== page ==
About the Sarbari Roy Chowdhury Foundation:
About Sarbari Roy Chowdhury:
Born in 1933, Sarbari Roy Chowdhury first came to Kolkata after leaving East Bengal at the age of 17. Initially self-taught, his talent was recognised by the master sculptor Prodosh das Gupta who became his Guru. From 1951 he studied under das Gupta’s guidance at the Government College of Arts and Crafts in Kolkata. He furthered his studies at Baroda University. In 1962, on an Italian Governmental Scholarship, he studied sculpture at the Academia di Belle Arti in Florence. Meeting a range of European artists there allowed him to develop his style through the influence of artists such as Alberto Giacometti, Henry Moore and Marino Marini.
His learning and artistic development was closely overseen by Marini and Moore who taught him to capture the human form in an abstract manner.
Henry Moore praised his talent and when visiting Much Hadham in the UK, Moore purchased the aspiring sculptor’s work. Giacometti too purchased the artist’s work during Sarbari’s visit to Paris.
At the end of this fruitful phase of his career, he settled down in Shantiniketan and began teaching at Tagore’s Kala Bhavan in 1969. At this time he was already viewed as one of the finest sculptors of his generation. Although he was honoured to receive an invitation to teach at Kala Bhavan from the renowned sculptors Ramkinkar Baij and Binod Behari Mukhopaddhaya, he was reluctant to take any academic position thinking it would stifle his creative spirit. His teaching methods were highly individual. Appreciating and encouraging many of his student’s achievements, he supported and helped them to find their own style. During this time he brought about many changes at Kala Bhavan; he was the first sculptor to introduce bronze casting to the university and one of the first initiators for the Arts Fair in Shantiniketan, which is still held annually.
While studying in Baroda in the early 1950s, Sarbari started collecting 78rpm records from antique markets. Indian classical music became his passion, and over his lifetime he accumulated one of the most famous and extensive collections of classical music, dating back to the origins of recorded music in India. His collection of Classical music is today archived for musicians and music appreciators. Many great music archives have benefited from his contributions.
Like his art, his interest for music was authentic in style, non-commercial, pure and discerning. Some musicians he constantly spoke of with complete admiration were Zorahbai Agrawali and Ustad Faiyaz Khan. The obsession to discover more musicians and their distinct personalities along with the interest for meeting these musicians became increasingly important to him. He had a very close relation to Mallikarjun Mansoor and he loved him like his own brother. Several times when Mansoorji came to Bengal to perform, he chose to stay with Sarbari, they spoke of music and Mansoorji would sing for him.
His intimacy with these musicians became very strong. Among them were Siddeshwari Devi, Kesarbai Kerkar, Hirabai Barodekar, Hafiz Ali Khan, Amir Khan, Vilayat Khan, Ravi Shankar and many more. Spending time with these musicians he was given hours to sit and create their portraits, which today are seen as some of his most recognised pieces.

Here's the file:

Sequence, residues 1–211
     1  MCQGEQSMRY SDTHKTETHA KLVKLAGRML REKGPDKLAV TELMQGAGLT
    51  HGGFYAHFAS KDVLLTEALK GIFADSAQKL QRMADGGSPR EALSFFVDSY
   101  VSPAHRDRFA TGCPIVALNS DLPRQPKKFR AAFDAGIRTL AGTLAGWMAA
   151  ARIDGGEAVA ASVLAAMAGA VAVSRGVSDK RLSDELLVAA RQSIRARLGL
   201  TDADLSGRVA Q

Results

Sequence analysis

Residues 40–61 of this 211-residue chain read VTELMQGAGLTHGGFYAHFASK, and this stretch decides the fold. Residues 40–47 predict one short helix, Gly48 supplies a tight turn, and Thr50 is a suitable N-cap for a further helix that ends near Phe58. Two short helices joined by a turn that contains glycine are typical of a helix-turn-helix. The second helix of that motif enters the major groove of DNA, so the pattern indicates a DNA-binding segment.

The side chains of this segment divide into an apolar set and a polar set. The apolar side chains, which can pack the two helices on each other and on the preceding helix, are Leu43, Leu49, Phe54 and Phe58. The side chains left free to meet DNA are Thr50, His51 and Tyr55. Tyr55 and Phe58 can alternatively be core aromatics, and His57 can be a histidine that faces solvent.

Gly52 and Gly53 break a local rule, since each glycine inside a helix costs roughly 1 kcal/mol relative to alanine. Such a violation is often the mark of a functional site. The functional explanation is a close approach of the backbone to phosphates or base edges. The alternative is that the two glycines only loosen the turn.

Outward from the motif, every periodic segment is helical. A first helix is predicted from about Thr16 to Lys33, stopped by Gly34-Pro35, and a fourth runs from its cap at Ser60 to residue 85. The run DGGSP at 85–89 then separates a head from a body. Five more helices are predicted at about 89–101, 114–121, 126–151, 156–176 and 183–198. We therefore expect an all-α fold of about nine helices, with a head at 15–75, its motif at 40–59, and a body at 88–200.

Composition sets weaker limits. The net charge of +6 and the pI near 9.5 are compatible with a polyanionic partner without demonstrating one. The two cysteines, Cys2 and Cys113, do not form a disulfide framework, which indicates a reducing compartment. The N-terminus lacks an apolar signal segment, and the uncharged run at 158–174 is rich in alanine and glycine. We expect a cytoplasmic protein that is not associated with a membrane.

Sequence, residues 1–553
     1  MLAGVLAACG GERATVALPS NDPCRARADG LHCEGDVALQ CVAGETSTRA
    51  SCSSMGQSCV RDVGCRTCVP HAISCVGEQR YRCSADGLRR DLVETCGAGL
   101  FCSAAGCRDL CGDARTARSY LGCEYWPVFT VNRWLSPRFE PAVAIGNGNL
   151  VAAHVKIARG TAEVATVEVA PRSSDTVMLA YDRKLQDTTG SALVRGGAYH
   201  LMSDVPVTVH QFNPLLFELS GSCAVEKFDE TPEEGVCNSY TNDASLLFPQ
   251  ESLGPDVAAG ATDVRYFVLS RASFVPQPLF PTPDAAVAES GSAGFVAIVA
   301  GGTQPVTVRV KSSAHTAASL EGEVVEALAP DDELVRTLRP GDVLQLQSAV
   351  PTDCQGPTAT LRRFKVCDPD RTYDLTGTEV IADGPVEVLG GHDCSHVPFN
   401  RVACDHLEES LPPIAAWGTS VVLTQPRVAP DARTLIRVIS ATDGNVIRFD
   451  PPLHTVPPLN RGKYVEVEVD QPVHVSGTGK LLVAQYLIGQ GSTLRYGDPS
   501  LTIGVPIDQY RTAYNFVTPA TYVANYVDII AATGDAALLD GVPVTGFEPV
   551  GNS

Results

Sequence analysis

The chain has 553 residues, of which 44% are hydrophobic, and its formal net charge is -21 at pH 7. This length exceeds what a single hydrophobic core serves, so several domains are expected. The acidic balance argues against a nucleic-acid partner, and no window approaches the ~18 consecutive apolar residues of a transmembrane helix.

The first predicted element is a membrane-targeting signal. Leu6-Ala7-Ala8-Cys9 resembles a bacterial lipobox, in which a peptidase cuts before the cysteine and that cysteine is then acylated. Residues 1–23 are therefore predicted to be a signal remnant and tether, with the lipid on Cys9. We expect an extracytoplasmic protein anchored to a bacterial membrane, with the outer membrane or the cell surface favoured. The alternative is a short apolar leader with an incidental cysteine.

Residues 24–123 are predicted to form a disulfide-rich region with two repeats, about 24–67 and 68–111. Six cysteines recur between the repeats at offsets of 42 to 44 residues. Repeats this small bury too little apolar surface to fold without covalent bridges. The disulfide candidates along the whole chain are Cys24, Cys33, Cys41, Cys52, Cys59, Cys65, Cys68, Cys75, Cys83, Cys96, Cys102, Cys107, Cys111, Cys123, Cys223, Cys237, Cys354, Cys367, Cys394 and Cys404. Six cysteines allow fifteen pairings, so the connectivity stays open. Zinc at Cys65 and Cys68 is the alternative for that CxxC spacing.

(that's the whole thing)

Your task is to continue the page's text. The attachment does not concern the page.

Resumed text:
On the occasion he sat with Ali Akbar Khan for days at a time, he continually tried to capture the concentrated appearance he admired so much of the Ustadji’s face when he played his instrument. It was only on the fifth day when his late son Dhyanesh Khan was playing Sarod at Ustadji’s feet that he took the instrument and began playing. His face assumed the position that Sarbari wanted to capture so badly. Sarbari asked with permission for him to play for one hour, he did, and he had his sculpture.
Sarbari as a man was simple in nature. He possessed a natural style of rich artistic caliber. He never regarded himself as a great contributor to the arts. He was an extremely humble man. He was positive and warm toward people, balanced and non-judgmental. He spoke very little when spoken to but his expressions were unpretentious, deep and specific. Whenever he was asked to comment about his work, he would respond, “What shall I say, I’m still searching, my knowledge is still very shallow and I’m still learning”.
To give an insight into the artist's mind, he once stated:
I am convinced that creation occurs in a state of pain, and I always strive to capture and preserve it in my work. Pain, like music, touches the soul and the heart and transforms an intellectual perception into an experience. An artist must live on the edge of that anguish at all times to render it in his creation. Music moves me, and its reaction in my subconscious drives my creative activity.
His alternative attire reflected his persona - unforced, organic and natural, an individual style with unique taste that revealed a joyful sense of humour. Fond of all Gods and Goddess he was a spiritual man, which he inherited from his father, however, his visions were his own and he wasn’t rigid about religion or strict about enforcing his values onto his family or expecting them to follow in his footsteps.
Sarbari’s name has become legend, and his contributions will remain timeless. His spirit will live amongst his family and friends, and the people who knew him personally. In conclusion, his words best summarise what he did with all his heart:
"I believe that every artist’s source of inspiration is Adirasa. That may be the reason why my creation is inspired by the subtle beauty of the human body. I seek forms in that contain rhythmical lines similar to what I find in classical music. Through all my years of work I have tried to create visual music through my sculpture."
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